Open letter re: Online harms legislation
The following statement is addressed to the federal government of Canada. It raises concerns with the July 29 proposal released by the federal government regarding the regulation of five distinct "online harms": “terrorist content,” “content that incites violence,” “hate speech,” “non-consensual sharing of intimate images,” and “child sexual exploitation content.”

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*Une version française de la lettre est ici: Vous êtes bienvenues à signer la lettre en français en utilisant le formulaire ci-dessous.*

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As organizations and individuals with expertise in anti-racism, we are profoundly concerned by the government’s proposed “online harms” legislation – purporting to address “terrorist content,” “content that incites violence,” “hate speech,” “non-consensual sharing of intimate images,” and “child sexual exploitation content.” [1]

While the proposal is billed as protecting marginalized groups from “hate, harassment, and violent rhetoric online,” we fear that, as currently formulated, it risks exacerbating the existing, well-documented pattern of online speech policing and removal targeting Indigenous, Black, Palestinian, and other colonized and racialized communities. [2]

Particular aspects of concern regarding the proposed legislative framework from an anti-racism perspective include:

1) Incentivization of over-removal produced by: the short timeline for required response after content being flagged (24 hours); the obligation for online communication service providers (OCSPs) to take proactive measures to identify harmful content, including through use of automated systems (repeatedly shown susceptible to amplifying existing biases [3]); vague definitions that will lead platforms to be over-inclusive in order to be “safe;” and significant financial penalties for non-compliance.

2)  Conflation of very different types of online harms – for example, “hateful” or “terrorist” content with “child sexual exploitation” or “non-consensual sharing of intimate images” [4]  – under a single regulatory regime. This is particularly problematic given the existing deployment of categories of “hate speech” and “terrorist speech” to censor Black and Palestinian content online [5]; abetted, in the Palestinian case, by efforts to institutionalize the International Holocaust Remembrance Alliance definition of antisemitism, widely critiqued for conflating criticisms of Israeli policy with antisemitism. [6]

3) Increased information-sharing with law enforcement and security agencies regarding possibly harmful content. As law and technology scholar Michael Geist observes, this may “lead to the prospect of [artificial intelligence] identifying what it thinks is content caught by the law and generating a report to the RCMP” [7]  – likely intensifying the current state of over-policing and -surveillance of colonized and racialized communities. [8]

4) Sweeping search powers for “inspectors” to verify compliance with the legislation, secret hearings, and new information-gathering powers for CSIS – allocating further police-like capacities to CSIS.

5) Absence of adequate transparency, accountability, and redress measures - with no clear mechanisms for publicly assessing whether Internet companies are fulfilling their obligation to prevent discriminatory treatment in content removal and reporting to law enforcement and CSIS; the protection of companies from criminal and civil liability for notifications to law enforcement and CSIS made in “good faith”; and no requirement to restore content found to be wrongfully removed, deferring to Internet companies’ own community standards. As three UN Special Rapporteurs recently noted, “such terms of service or community standards do not reference human rights and related responsibilities, thereby creating the possibility of an ‘escape route’ from human rights oversight.” [9]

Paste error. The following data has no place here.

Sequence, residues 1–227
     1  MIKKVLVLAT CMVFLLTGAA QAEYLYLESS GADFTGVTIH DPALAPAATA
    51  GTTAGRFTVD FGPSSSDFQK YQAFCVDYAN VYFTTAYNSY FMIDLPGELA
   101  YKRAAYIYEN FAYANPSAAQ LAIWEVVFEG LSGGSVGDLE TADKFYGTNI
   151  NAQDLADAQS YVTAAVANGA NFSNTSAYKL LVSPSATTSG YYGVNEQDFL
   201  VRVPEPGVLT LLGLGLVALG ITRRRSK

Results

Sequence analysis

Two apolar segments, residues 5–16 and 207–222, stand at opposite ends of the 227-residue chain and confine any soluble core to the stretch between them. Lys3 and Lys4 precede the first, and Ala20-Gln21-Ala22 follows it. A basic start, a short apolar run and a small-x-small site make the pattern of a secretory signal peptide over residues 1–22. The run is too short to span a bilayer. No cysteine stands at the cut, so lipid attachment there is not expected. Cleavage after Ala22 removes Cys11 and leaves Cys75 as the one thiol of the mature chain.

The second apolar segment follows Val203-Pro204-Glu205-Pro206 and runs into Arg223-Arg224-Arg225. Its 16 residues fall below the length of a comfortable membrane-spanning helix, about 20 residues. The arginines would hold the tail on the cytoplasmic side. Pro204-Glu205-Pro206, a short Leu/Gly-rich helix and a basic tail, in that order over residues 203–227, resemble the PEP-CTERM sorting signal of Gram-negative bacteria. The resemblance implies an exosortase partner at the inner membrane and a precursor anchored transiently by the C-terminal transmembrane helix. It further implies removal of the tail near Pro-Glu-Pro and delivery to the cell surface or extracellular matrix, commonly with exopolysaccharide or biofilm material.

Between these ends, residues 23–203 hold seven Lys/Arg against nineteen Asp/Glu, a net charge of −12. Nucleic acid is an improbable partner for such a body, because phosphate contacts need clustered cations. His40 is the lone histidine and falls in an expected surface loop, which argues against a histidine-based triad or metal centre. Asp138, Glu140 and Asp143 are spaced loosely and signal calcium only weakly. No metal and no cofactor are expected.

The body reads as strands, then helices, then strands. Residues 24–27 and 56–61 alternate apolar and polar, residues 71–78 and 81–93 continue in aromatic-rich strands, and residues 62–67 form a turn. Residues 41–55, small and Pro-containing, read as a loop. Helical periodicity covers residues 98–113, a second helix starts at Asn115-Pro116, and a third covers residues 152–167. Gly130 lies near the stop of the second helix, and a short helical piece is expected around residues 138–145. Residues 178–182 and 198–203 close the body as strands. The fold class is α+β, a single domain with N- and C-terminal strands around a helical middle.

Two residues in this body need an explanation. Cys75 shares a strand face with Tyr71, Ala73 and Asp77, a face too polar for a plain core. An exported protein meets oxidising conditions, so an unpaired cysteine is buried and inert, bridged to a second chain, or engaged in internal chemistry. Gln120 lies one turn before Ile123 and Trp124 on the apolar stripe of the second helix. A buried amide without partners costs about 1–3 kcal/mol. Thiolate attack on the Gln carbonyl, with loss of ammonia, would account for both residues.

According to Daphne Keller, Director of the Program on Platform Regulation at Stanford’s Cyber Policy Center, Canada’s proposal is “like a list of the worst ideas around the world – the ones human rights groups … have been fighting in the EU, India, Australia, Singapore, Indonesia, and elsewhere.”  [10]

Our concerns are compounded by troubling deficiencies in the government’s ongoing consultation process organized to validate the proposed legislation. Expert perspectives on addressing harmful speech online while protecting civil liberties have reportedly been disregarded. [11]  Planned consultation meetings with community representatives have been cancelled due to the election, yet the deadline for the consultation period remains as previously advertised, September 25 – just five days after the election.

Given the serious risks posed by the proposed “online harms” legislation – including to the very communities it is represented as protecting – we call for the government to suspend any implementation, until a full, fair, open, and responsive consultation with anti-racism, human rights, and civil liberties experts has taken place, and the problems and pitfalls identified have been rectified.


Azeezah Kanji, journalist and legal academic
Dania Majid, Arab Canadian Lawyers' Association
Corey Balsam, Independent Jewish Voices
Tim McSorley, International Civil Liberties Monitoring Group



[2] For example:;
[4] See e.g. and that focus specifically on non-consensual sharing of intimate images and technology-facilitated gender-based violence.

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